It’s in a seller’s best interest to make sure their home is as ready as possible for inspection. All homes that have been lived in usually have a bit of damage from simply living in it.  After your home has been on the market and someone is interested in buying it, you have to pass the inspection.  Home inspection seems nerve-wracking but they are necessary before any sale. There are a few things you can do to be prepared for the day when the interior of your home is being inspected. 

Heating, Cooling, Water Heater: Each should have a date of their last inspection on them. If not, they could be flagged by the inspector.  If you can’t find a sticker, have your Realtor give you the name of a licensed contractor to come to have a look to see if any repairs or changes should be made and make sure all are running properly. 

Bathrooms: How is the grout in the shower, around the sink and in the tub looking? This one is an easy remedy if you see any cracks – match the grout color and fill in the damaged areas.  Make sure any pipe work that was performed meets legal standards and guidelines. For example: If you put in your own custom shower, note that the inspector will check below the surface to make sure that the membrane was installed properly and there isn’t water leaking below the shower that could damage the sub-floor and drywall.  The inspector will flush all the toilets and listen for any leaking sounds. Often you will just need a flapper valve if you hear a sound.  Cheap fix.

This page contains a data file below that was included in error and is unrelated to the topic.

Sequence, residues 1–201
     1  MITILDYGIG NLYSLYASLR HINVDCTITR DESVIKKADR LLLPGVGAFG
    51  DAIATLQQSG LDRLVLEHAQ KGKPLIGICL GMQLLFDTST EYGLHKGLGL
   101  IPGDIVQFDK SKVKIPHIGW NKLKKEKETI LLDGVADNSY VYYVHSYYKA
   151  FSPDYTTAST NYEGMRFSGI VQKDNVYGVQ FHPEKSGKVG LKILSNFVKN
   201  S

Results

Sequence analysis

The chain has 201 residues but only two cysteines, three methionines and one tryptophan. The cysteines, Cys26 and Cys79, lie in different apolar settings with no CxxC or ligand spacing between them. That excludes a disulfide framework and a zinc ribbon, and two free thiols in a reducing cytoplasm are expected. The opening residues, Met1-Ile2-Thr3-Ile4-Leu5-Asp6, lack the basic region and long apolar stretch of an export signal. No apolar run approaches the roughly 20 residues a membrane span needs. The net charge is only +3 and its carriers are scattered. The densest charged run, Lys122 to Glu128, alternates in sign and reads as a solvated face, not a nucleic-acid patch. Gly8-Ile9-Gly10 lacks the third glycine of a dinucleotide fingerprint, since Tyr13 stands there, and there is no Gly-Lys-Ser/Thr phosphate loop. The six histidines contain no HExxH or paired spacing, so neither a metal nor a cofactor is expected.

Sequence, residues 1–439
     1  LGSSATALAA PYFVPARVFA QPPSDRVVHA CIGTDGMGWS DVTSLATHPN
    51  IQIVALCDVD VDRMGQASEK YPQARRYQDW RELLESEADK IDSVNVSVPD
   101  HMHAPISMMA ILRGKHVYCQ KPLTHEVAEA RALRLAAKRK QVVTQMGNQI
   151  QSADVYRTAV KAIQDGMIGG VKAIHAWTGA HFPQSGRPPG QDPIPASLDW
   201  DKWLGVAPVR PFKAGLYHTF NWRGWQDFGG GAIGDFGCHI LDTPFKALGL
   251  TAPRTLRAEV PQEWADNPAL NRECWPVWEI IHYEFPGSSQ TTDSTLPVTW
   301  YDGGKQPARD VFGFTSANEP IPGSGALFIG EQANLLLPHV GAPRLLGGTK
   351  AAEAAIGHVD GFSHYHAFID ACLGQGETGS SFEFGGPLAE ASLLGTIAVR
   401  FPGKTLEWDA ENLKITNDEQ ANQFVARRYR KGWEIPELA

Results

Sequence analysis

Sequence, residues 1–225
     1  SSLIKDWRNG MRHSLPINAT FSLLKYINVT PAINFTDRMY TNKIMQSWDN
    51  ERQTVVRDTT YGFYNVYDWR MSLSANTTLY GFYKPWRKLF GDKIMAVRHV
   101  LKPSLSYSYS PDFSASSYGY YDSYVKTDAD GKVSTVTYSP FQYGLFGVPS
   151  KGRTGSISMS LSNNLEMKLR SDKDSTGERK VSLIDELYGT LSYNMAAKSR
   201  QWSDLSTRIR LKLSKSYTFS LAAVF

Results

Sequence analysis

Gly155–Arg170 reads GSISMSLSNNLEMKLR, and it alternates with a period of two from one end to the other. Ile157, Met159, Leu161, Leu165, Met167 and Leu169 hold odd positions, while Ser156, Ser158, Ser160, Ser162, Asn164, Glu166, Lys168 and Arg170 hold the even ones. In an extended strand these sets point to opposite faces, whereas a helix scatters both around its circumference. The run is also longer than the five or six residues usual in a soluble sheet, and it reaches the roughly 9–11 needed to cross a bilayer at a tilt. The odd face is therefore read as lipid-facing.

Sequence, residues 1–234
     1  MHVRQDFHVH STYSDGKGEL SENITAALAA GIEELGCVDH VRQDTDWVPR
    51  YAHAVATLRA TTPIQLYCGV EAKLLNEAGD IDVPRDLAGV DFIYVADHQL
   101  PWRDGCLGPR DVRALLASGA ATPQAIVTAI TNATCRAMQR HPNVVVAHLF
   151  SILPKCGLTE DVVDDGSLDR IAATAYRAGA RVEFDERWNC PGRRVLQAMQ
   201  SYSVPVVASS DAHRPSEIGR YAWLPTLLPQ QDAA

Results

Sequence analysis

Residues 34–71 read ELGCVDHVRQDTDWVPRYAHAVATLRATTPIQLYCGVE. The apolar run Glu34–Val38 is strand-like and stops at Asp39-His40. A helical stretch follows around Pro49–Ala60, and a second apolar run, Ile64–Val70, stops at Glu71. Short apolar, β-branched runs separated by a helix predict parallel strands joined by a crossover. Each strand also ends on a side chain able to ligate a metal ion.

Electrical: Test your outlets. For as little as $10, an outlet tester can be picked up at a home improvement store. An inspector will try every single one in your home. Be sure the cover plates are not cracked – another cheap and easy fix.  Every light fixture should have a working bulb and your smoke detector should work. 

Plumbing: Fill all your sinks part of the way and then pull the plug to see if they drain normally. Did it take a long time to fill the sink? It might be because you have low water pressure and is often a really easy fix. Occasionally, this could be an indication of a bigger problem within your plumbing system. It’s best, at that point, to hire a professional to come to see before an inspector. Check inside cabinets under sinks for moisture or around the valves.

Kitchen Appliances: Repair any that may need to be fixed as the inspector will run the dishwasher, the stove, oven, garbage disposal, vents, and fans. If you bought a new appliance while you lived in the home and installed it yourself, mistakes may have been made during setup. Check the water and drainage lines from a new dishwasher or refridgerator

Windows & Doors: Each window should be able to open, close and lock. If you find any hard movement, it can be easily fixed using spray silicone from the hardware store. Repair any caulking around the doors and make sure all the knobs/deadbolts are working properly. 

The Bottom Line: This is just a quick checklist of some of the things that you, as a homeowner, can look for and fix before an inspection inside your home.  Some of the issues may need the help of a professional.  The best advice we have heard is if you want the inspection to go smoothly, have your home inspected before it even goes on the market. This way, anything you can’t fix yourself, you will have time to find a reasonably priced contractor instead of rushing and paying top dollar after the fact. 

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Facebook Can Sell Your Home

technology

Take advantage of Facebook to sell your home — and be certain that the  Realtor you choose is social media savvy. The Facebook universe is voluntarily giving up its demographic information daily and 1.5 billion members can be directly reached.